Coming Up in the Elfin Forest
Text and Photos By Jean Wheeler
December and January are exciting months in the Elfin Forest, with winter rains beginning our major flowering season for the new year and bird life at maximum diversity and populations.
Our area is known as one of the top birding locales in our nation, especially in winter. That’s why the Morro Bay Winter Bird Festival is held on Martin Luther King Weekend each year. It attracts hundreds of visitors from all over the U.S. and Canada, even some from overseas. The 2022 festival features 160 events over 5 days including workshops and major evening lectures in Morro Bay, as well as a great many bus and auto field trips to far corners of our county, and boating tours on our estuary, the ocean, and nearby lakes. Check their website for the January 13-17, 2022 festival at facebook.com/MBWBF.
Virtually all species of water birds and wading birds listed on our website, elfin-forest.org under Flora and Fauna, are present in December and January. From Bush Lupine Point or Siena’s View look for American White Pelicans and Canada and Brant Geese. Western and Clark’s Grebes, featured in my article on page 4 of Oakleaves, should be easy to recognize swimming together with their heads topping tall S-shaped necks. Dabbling Ducks also common are Northern Pintails, American Wigeons, Northern Shovelers and Blue-winged, Cinnamon, and Green-winged Teal. Diving ducks typically seen include Greater and Lesser Scaup, Buffleheads, and Ruddy Ducks. Wading birds fishing for their next meal near the shores could include Great and Snowy Egrets, American Avocets, or perhaps a Great Blue Heron.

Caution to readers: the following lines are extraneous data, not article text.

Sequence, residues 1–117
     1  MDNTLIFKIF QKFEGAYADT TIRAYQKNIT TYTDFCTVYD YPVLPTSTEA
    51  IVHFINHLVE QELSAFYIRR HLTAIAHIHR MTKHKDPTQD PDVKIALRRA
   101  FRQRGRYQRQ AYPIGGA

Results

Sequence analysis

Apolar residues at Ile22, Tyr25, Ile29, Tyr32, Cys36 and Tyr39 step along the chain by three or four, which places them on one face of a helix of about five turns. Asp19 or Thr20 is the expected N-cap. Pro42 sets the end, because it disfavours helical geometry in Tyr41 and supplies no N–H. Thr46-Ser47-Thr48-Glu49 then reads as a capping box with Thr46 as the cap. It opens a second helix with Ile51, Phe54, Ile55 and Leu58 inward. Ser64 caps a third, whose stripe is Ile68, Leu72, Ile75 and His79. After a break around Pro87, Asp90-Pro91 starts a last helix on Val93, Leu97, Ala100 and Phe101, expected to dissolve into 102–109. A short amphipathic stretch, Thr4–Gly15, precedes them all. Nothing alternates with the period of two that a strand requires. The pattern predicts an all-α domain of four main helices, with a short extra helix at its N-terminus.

All the raptors listed on our website and a great many of the passerines are also present in midwinter. Watch the shrubs around the boardwalk for flitting Finches, Sparrows, Gnatcatchers, Wrens, Phoebes, Chickadees, Bushtits, Nuthatches, and other little brown and little grey birds. Larger common birds of the brush are Thrashers, Towhees, Scrub Jays, and Quail.
Unlike most of our nation, December and January in our Elfin Forest normally present lots of colorfully blooming shrubs and herbs. Hopefully the rain we had in late October will trigger our shrubs into bloom before 2021 ends. Buckbrush Ceanothus (in the California Lilac genus), should soon nearly surround the boardwalk with its white to lavender flowers. In more protected areas of the lower boardwalk is Morro Manzanita, found only along the coast between Montaña de Oro and Morro Bay State Parks. Its tiny bell-shaped flowers are white with a pinkish blush. Fuchsia-flowered gooseberries should also be opening, with their many long red trumpets providing lots of nectar to the long bills of Anna’s Hummingbirds.
Perhaps by Christmas and surely by the end of January, California peonies (featured in his page 5 article by Professor Dirk Walters and pictured here in my photo) will be opening their drooping red balls of flowers among their large bright green leaves in the understory. Look for them especially near Siena’s View and along the 11th Street sand trail. Other understory plants likely to be in bloom are the white to pink or lilac rays of asters surrounding their golden disk flowers, the yellow and gold of early California poppies, and white clusters of flowers atop green stems on California everlastings.
Take a break from holiday shopping madness and walk in the Elfin Forest that we protect through our generous donations and active volunteer efforts.
Please Report Elfin Forest Sightings
Have you observed any unusual birds in the Elfin Forest? Mammals? Reptiles? Amphibians? Insects? Interesting activities or footprints of wildlife in our Elfin Forest? Unusual plants? Taken a good photo?
Please report any interesting sightings to your Oakleaves
editors at: firstname.lastname@example.org for inclusion in this website and/or
a future issue of Oakleaves. You can also leave a message on FEMEF’s answering machine, 805-528-0392.